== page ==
GST rate at 18% will be revenue neutral: CII chief

Our Bureau Kolkata | Updated on January 17, 2018

Looking ahead Naushad Forbes, CII President, addressing a press conference in Kolkata on Tuesday. - Ashoke Chakrabarty

‘Ensuring seamless implementation of the tax framework will be the next important step’

The ideal Goods and Services Tax (GST) rate should be around 18 per cent, Naushad Forbes, President, Confederation of Indian Industry (CII), said here on Tuesday.

Calling it a “revenue neutral rate”, Forbes pointed out that an 18 per cent rate will lead to “neither an increase nor a decrease” in taxes; immediate inflationary pressures on the economy are also not forseen (at that rate).

The rate is not “so high to damage the market” (for demand of goods).

Considered to be the country’s biggest ever indirect tax reform, the GST framework has already been passed by Parliament.

“A max rate of around 18 per cent would be fine. Beyond that, the first thing it will hit is demand. Supposing you had 22-23 per cent, it will directly hit demand. If you suddenly end up paying 5-8 (percentage point) more, then the immediate effect is you consume less,” Forbes reasoned.

In the long-run, a revenue neutral rate of GST will help bring in buoyancy and lead to widening of the tax net and increased collections.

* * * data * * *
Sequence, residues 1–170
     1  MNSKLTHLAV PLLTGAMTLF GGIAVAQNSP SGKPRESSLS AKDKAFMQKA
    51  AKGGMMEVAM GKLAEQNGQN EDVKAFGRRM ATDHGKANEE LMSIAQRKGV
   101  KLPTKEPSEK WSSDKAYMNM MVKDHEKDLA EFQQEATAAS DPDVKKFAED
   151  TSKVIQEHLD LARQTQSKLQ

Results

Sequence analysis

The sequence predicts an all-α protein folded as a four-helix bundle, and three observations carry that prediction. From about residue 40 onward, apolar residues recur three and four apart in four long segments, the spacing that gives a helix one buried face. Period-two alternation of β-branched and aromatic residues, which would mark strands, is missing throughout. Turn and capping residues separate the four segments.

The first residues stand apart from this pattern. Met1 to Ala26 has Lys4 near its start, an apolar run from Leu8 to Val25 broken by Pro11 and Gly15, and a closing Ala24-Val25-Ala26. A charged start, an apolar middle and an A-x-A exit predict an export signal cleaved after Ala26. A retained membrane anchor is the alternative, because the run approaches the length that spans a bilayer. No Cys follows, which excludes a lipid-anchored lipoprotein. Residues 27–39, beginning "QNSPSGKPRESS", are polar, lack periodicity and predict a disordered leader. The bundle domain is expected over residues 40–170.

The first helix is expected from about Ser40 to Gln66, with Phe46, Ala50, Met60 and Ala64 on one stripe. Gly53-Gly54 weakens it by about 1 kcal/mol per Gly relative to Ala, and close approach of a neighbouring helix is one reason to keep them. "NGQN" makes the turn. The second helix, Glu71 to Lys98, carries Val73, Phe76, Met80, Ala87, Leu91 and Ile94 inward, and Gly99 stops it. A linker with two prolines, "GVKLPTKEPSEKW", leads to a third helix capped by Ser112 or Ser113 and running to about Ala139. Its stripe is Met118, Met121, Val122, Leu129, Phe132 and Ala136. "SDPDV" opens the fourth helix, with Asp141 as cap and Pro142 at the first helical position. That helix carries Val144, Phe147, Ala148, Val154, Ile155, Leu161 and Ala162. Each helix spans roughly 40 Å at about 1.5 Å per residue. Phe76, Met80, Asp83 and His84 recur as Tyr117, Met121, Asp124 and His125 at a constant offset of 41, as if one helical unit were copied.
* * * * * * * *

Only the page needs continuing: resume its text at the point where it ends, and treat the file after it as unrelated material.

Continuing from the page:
Implementation of GST

Forbes pointed out that apart from the rate, the next most important step will be to ensure seamless implementation of GST. This requires clarity on several aspects, as well as aligning the various IT and other tax assessment / collection mechanisms of the Centre, States and companies together.

“The States passing the GST will not be an issue. But, seeing that the State government and Central government systems are in place, and the company IT systems should also be in place for all this tracking to take place and doing it all in a national unified way,” he told reporters during an interaction.

For smooth working of the GST regime, Forbes said it has to be ensured that the States are on the same page at least in terms of systems and procedures. For example, there should be a common GST form and not different ones across States.

“A common tax is okay. But you (States) can’t have your own form. If you have that, then there will be 29 different forms in 29 different States. That defeats the whole purpose.,” he reiterated.

The CII President also pointed out that clarifications regarding “deemed export sops” are awaited. “Some of the export sops that people are talking about are not exactly export sops; but rather deemed export sops. But I think they are working out in detail. The rules are still not clear,” Forbes said.

Published on August 23, 2016

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